Leaders from the 10 South East Asian nations meeting in Bali have signed economic and security treaties with China, India and Japan.
China wants to forge closer ties with Asean countries
A day after agreeing to closer economic ties themselves, the member nations of Asean (the Association of Southeast Asian Nations) turned their attention on Wednesday to securing pacts with their large regional neighbours.
China and India signed a security deal with Asean, while Japan said it would reduce trade barriers.
The agreements came on the second and final day of the Asean summit in Bali, which has been overshadowed by Burma and its military government's continued detention of pro-democracy leader Aung San Suu Kyi.
The security document signed by China and India, known as the Treaty of Amity and Co-operation, renounces the threat or use of force to settle disputes.
After both countries had signed the agreement, Indonesian Foreign Minister Hassan Wirayuda said, "We (now) have almost three billion people grouped under the same rules of good conduct."
He said he hoped Japan and South Korea would also soon sign the treaty, which "will certainly help to develop not only peace and stability, but prosperity in the region".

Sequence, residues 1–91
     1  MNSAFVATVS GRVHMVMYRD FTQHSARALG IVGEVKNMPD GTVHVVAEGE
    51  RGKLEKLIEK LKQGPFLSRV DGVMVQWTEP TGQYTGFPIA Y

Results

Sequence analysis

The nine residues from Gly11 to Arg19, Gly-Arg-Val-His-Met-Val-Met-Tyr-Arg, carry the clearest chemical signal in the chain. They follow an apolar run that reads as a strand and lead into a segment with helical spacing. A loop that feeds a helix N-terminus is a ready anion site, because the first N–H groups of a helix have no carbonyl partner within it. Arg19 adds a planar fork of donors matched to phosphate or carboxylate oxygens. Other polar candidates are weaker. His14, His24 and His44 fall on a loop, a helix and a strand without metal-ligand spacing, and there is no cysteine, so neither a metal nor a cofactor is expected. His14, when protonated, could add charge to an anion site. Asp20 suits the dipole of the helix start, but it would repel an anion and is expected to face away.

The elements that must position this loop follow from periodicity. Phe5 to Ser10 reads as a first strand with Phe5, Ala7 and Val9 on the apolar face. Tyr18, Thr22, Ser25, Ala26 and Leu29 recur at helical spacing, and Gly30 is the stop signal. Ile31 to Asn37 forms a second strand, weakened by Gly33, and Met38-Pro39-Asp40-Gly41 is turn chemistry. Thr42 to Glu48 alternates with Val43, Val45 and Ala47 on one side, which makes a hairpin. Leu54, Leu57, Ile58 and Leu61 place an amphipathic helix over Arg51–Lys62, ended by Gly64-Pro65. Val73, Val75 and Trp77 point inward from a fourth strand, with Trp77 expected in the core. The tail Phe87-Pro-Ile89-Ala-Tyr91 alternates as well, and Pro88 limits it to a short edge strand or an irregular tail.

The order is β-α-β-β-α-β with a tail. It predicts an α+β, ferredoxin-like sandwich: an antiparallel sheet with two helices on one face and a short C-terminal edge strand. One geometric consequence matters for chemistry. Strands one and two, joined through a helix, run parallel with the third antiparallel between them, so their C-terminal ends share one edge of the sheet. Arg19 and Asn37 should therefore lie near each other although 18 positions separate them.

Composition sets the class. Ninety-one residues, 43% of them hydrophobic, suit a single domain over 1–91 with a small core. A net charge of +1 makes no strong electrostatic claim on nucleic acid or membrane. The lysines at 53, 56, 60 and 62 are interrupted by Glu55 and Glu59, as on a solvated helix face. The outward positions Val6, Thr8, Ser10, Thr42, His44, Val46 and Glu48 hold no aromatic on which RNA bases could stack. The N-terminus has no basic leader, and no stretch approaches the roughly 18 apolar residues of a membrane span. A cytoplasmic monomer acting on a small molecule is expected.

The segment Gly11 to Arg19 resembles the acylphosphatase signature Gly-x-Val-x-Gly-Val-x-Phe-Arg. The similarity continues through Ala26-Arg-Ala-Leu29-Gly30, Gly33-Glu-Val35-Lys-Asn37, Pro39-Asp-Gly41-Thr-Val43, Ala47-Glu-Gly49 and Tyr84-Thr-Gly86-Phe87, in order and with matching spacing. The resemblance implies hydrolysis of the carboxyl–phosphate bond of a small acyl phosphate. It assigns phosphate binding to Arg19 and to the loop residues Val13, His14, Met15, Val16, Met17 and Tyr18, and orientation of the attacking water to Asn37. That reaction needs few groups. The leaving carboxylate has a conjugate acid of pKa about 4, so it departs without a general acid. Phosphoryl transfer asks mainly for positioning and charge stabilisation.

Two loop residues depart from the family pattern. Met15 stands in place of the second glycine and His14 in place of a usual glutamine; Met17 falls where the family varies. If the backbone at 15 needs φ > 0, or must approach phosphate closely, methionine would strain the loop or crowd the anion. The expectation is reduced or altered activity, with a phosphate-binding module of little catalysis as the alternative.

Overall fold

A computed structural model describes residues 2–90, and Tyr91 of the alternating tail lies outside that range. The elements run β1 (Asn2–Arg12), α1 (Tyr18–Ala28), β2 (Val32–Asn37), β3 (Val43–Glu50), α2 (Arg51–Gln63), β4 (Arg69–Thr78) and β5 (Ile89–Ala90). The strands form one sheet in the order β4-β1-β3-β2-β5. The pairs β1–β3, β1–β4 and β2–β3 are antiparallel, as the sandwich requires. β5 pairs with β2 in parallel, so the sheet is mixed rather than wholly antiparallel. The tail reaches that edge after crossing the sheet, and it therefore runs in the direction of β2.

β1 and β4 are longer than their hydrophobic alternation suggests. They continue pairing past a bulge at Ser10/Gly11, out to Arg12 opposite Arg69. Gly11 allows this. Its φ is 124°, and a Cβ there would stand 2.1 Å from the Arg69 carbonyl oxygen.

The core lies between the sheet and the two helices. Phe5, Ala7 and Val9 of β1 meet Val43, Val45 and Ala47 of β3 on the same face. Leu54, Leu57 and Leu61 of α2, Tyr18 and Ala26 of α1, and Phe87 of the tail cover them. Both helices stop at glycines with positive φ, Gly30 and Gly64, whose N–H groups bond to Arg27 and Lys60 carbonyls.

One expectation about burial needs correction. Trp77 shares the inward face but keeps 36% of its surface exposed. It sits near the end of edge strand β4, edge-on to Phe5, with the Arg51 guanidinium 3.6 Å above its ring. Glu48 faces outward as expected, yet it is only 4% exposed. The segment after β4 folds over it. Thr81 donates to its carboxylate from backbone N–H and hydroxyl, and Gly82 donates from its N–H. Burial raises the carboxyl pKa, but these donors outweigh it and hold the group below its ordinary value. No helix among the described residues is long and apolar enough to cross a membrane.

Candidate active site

Japan did sign one agreement on Wednesday - pledging to reduce tariff
and non-tariff barriers with Asean members.
Japan has traditionally been South East Asia's largest trading partner and investor, with trade to and from Japan amounting to $99.2bn in 2001.
China and Asean have also agreed to work faster toward a mutual trade agreement, which will create the world's most populous market, with 1.7 billion consumers.
On Tuesday, Asean leaders signed a new declaration themselves - known as the Bali Concord II - in which they agreed to pursue closer economic integration by 2020.
The document also set out plans for better co-operation on security and social issues.
Ahead of the Asean summit, there was speculation that the new Burmese Prime Minister Khin Nyunt would be in for a hard time from other Asean members.
The nation's ruling junta has refused to release Aung San Suu Kyi despite continued international condemnation.
On Wednesday, Philippine Foreign Secretary Blas Ople said Asean had not been tough enough on Burma's leadership, a call which was echoed by Japan's Prime Minister Junichiro Koizumi.
Asean member countries
"Japan wants to see democracy restored in Myanmar and Asean has
a role to play in this aspect," Mr Koizumi was quoted as saying.
Despite increasing calls for Asean to take more direct action against Burma - one of its members - the group has so far refrained from making a formal statement on Aung San Suu Kyi's detention during the summit.
Negotiations may well be going on behind the scenes, but the only formal reference to Burma was a statement on Tuesday afternoon by the host, Indonesia, which welcomed the "recent positive developments" regarding Burma's planned "roadmap to democracy".
"The Asean leaders have wimped out as far as Burma is
concerned," said Debbie Stothard, spokeswoman for the Alternative Asean Network.